SCOTT MCDONALD, PhD
2008 KSTF Research Fellow
College of Education
Pennsylvania State University
Dr. Scott McDonald has been fascinated by the process of teaching for as long as he can remember. His grandmother used to call him ‘professor,’ his mother was an elementary school teacher, and he grew up in the university town of Ann Arbor, Michigan. Prior to earning his PhD in learning technologies in science education at the University of Michigan, Scott taught high school science in the Boston area for five years. “I left teaching for academia because I felt I would be able to investigate the questions I was really interested in, those having to do with teaching and learning.”
Under a grant from the National Science Foundation, Scott worked on a project at the University of Michigan to develop technology and curricula for middle school science in collaboration with the Detroit public schools where his research focus was on supporting teacher development. Since becoming a faculty member at Pennsylvania State University, he has founded the Invisible College for Inquiry Science Study (ICISS), a research and teaching group. Scott makes extensive use of Studiocode video analysis software in his research and as a teaching tool in his undergraduate and graduate courses. He is also interested in how disruptive technologies (e.g. Twitter, Facebook, Google Docs) can support teaching and learning.
Scott earned his bachelor’s degree in physics at Colorado College, and his master’s in teaching from the University of Michigan. An avid cook and mountain biker, he skied in Vail, Colorado for two years after college while supporting himself as a hotel desk clerk and bookkeeper.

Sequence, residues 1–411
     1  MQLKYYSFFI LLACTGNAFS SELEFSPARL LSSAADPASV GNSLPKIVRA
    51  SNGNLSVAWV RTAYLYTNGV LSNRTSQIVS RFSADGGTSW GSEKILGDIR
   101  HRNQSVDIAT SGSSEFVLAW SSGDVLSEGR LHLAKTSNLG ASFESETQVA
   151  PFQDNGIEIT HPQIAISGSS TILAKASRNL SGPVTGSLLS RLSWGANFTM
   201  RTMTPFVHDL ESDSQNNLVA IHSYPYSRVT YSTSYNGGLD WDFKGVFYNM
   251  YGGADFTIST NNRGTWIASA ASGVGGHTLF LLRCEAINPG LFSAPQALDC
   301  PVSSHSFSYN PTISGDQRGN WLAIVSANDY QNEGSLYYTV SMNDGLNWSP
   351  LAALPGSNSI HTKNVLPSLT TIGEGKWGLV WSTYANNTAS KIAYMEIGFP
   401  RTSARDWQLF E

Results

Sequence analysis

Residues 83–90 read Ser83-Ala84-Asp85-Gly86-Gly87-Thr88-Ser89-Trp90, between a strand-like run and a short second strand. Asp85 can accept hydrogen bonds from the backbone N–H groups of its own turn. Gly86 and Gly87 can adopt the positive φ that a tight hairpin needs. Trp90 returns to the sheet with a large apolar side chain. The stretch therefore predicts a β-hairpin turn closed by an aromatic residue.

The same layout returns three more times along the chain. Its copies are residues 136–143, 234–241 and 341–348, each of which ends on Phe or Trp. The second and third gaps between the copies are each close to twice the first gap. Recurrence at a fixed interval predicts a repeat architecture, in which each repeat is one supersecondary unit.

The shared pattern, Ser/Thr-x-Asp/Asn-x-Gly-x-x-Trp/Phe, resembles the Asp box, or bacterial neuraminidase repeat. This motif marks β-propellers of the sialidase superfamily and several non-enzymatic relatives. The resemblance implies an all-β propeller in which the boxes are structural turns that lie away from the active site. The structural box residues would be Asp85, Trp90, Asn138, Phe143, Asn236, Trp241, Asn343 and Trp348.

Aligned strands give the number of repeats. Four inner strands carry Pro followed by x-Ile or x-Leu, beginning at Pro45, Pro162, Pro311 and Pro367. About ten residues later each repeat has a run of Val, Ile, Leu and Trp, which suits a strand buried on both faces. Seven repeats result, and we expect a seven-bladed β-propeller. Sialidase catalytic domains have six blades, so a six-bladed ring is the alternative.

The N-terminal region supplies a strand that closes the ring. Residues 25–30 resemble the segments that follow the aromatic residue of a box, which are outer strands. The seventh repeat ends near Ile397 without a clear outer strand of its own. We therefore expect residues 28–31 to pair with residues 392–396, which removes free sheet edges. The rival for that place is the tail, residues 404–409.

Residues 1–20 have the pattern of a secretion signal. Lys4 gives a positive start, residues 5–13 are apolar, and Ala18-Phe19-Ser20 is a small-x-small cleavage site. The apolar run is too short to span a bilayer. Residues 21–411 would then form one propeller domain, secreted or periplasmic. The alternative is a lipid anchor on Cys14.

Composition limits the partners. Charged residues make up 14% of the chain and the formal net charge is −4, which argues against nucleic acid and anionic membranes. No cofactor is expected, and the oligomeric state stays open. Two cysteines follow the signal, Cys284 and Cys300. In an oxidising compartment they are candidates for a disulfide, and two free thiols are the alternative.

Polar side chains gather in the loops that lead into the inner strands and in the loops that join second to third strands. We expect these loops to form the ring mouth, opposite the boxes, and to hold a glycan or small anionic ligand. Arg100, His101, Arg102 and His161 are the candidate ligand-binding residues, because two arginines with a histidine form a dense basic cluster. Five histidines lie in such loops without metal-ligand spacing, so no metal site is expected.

Scott’s project explores how expert and beginning teachers perceive the teaching of science. “New science teachers have to overcome years of being students in science classes to be able to think about teaching in new ways.” Scott’s project attempts to break this cycle and help new teachers understand how excellent teachers do what they do, especially when it comes to talking to students about their science ideas. “New teachers need to learn how to stop being a science student and become a science teacher. To do this they need to relearn how to see a classroom and relearn how to listen to students.” To support this transition from science student to science teacher, Scott spends a lot of time with new teachers analyzing video of excellent science teaching to begin to understand what good teaching looks like and how it gets done.
Scott’s then studies the video analysis documents, as well as transcripts of focused discussion following the video analysis of the lessons. Differences between the two groups of teachers are described in detail along with implications for science teacher education. Capturing differences between the way expert and novice teachers analyze the same examples of teaching allows us to not only understand the differences, but develop ways of supporting new teachers as they learn to see like experts.
Awards and Recognitions
Outstanding Teaching Award, College of Education, Pennsylvania State University (2007-08)
- McDonald, S. P. (2008). Seeing the science: Professional pedagogical vision for instructional leaders. Catalyst for Change. 35(2), 12-18.
- McDonald, S.P. (in press) Seeing the science: Differences in professional vision between practicing and preservice teachers. Journal of Science Teacher Education.
- McDonald, S.P. (in press). Building a conversation: Preservice teachers’ use of video as data for making evidence-based arguments about practice. Educational Technology.
- McDonald, S., Criswell, B. & Dreon, O. (2007). Inquiry in the chemistry classroom: Perplexity, model testing and synthesis. In Luft, J., Gess-Newsome, J. & Bell, R. (Eds.). Science as Inquiry in the Secondary Setting. Arlington, VA: National Science Teachers Association Press.
- McDonald, S. P. & Kelly, G. J. (2007). Understanding the construction of a science storyline in a chemistry classroom. Pedagogies, 2(3), 165-177.
- McDonald, S. P. & Songer, N. B. (2008). Enacting classroom inquiry: Theorizing teachers’ conceptions of science teaching. Science Education. 92(6), 971-993.